The Pentagon wants to deploy a host of exotic new weapons systems. Critics say too much of this costly hardware is designed to fight the wrong war. The attack would come quickly, and it would be awful. Cruising far offshore, the U.S. Navy's DD(X) destroyer launches 20 artillery shells in less than a minute. As the satellite-guided weapons fall back to Earth at 830 mph, computer algorithms alter their flight paths so that the 250-pound projectiles all strike the same patch of ground at the same time, reducing everything in the vicinity to rubble and dust. If more firepower is needed, the destroyer can unleash another 580 artillery rounds, as well as 80 Tomahawk missiles. And when the attack is over, the ship simply vanishes. On a radar screen, the DD(X)'s stealthy hull makes the 14,000-ton vessel look like just another fishing boat, casting its nets into the sea.
The folks at the top apparently like the shift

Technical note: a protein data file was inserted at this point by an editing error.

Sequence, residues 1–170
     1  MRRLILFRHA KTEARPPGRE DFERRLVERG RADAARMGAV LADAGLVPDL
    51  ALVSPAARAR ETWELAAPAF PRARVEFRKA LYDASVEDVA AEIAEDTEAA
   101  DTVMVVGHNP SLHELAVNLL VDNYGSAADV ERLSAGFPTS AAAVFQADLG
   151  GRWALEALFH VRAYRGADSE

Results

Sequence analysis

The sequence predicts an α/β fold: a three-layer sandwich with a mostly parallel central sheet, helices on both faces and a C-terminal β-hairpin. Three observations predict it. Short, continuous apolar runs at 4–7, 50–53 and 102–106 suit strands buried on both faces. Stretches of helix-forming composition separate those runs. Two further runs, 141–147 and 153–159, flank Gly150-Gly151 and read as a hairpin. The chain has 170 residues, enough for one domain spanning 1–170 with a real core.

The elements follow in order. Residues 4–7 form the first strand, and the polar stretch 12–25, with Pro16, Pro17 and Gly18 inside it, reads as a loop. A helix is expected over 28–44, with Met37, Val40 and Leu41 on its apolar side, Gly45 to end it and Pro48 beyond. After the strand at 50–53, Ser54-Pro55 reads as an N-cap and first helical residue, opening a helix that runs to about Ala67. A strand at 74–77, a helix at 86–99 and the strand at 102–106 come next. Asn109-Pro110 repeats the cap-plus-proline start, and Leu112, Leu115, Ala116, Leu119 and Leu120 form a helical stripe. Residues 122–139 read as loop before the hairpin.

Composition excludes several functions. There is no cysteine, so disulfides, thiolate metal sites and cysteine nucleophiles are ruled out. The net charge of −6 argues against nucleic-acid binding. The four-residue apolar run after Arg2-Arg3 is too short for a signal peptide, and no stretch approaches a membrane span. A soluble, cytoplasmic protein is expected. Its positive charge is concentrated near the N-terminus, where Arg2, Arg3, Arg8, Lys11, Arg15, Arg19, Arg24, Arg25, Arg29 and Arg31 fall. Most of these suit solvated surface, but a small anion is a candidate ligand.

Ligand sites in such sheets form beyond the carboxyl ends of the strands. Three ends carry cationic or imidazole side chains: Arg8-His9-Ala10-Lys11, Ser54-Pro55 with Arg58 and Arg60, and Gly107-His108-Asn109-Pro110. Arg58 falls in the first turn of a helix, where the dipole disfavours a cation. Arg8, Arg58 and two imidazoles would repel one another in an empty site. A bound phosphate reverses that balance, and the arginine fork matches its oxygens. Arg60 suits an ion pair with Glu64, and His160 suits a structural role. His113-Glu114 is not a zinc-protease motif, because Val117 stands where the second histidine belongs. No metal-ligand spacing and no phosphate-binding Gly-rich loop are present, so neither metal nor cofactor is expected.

AIR SUPPORT: The single greatest fix prior to the next war lies in empowering ground forces to employ precision air attack faster over a dispersed battlefield. We've got plenty of planes. But every ground unit moving independently should have the equipment and the training to call in air.
PERSONAL ARMOR: Twenty-five pounds of armor, on top of all the other gear a soldier carries, means that in a dismounted firefight the rifleman lugs at least 60 extra pounds. The Pentagon needs to place a higher priority on reducing the weight of body armor.
DETECTION THROUGH CONCRETE: In Fallujah in November 2004, there were hundreds of fights inside concrete houses because the Marines had no means of scanning before entry. Given the enormous increase in engagements in urban areas, this gap in surveillance must be closed.
A NEW HUMMER: The shape of this workhorse renders it vulnerable to ever-improving explosive devices, even when up-armored. A Pentagon task force is designing a successor to handle the critical task of moving troops and supplies at and near the front lines. The cost will be big-but nothing compared to the cost of developing, say, the F-22 Raptor. And a new Hummer will have a far greater impact in saving the lives of American troops.
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